Judge charged with assault insulting accused wants recording of incident to be audio

Ethics

Judge charged with assault insulting accused wants recording of incident to be audio

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A Georgian judge faces an ethics complaint that accuses him of grabbing and pushing a shackled inmate who insulted him.

Crawford County, Georgia, Chief Magistrate Cary Hays III “physically assaulted an inmate while the inmate was handcuffed, shackled and accompanied by a law enforcement officer,” the complaint alleges. ethics of May 7.

Georgia’s Judicial Qualifications Commission filed the ethics complaint on Friday after reviewing the video and speaking with witnesses.

The incident occurred in December 2020. According to the complaint, the inmate was dissatisfied with Hays’ bail decision at a first appearance hearing. The inmate began to curse Hays and continued to do so as he was led out of the conference room where the hearing took place.

“As the inmate was led out of the conference room, Judge Hays verbally engaged the inmate,” the complaint reads.

The inmate then turned and cursed Hays again. Hays followed the inmate down the hall and approached him.

“Judge Hays, while speaking verbally with the inmate, grabbed the inmate and pushed him against a wall in the hallway,” the complaint reads. “At no time before Judge Hays assaulted the detainee did the detainee physically threaten Judge Hays, attempt to escape or flee custody, or threaten anyone.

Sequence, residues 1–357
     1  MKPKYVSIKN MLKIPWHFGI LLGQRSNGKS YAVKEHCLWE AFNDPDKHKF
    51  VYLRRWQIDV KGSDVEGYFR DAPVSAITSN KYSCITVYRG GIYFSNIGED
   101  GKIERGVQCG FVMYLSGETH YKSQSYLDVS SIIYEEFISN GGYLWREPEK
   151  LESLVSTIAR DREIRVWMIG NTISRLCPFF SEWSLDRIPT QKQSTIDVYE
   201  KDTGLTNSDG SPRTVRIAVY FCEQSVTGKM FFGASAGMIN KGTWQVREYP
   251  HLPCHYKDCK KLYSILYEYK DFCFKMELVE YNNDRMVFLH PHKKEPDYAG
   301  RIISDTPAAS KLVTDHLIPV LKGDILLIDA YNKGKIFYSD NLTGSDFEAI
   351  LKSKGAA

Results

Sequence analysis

Hays released the inmate after pushing him against the wall, but “continued to engage in a verbal confrontation,” the ethics complaint says.

The Atlanta Journal-Constitution covered the complaint and spoke with Hays, who first took office in January 2017.

“I didn’t hurt the guy in any way,” Hays told the Atlanta Journal-Constitution.

“The inmate kept cursing me over and over and over and over again,” Hays said. “At one point, I had just heard enough about it.

Hays said he knew the incident was recorded on a security camera, but he wished there was sound as well.

“I just wish the commission could hear it,” Hays told the Atlanta Journal-Constitution. “I think they would have seen it differently.”

The complaint alleges violations of the ethical provisions which oblige judges to respect and comply with the law; act in a manner that promotes public confidence in the independence, integrity and impartiality of the judiciary; and be patient, dignified and courteous.


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About Ethel Nester

Ethel Nester

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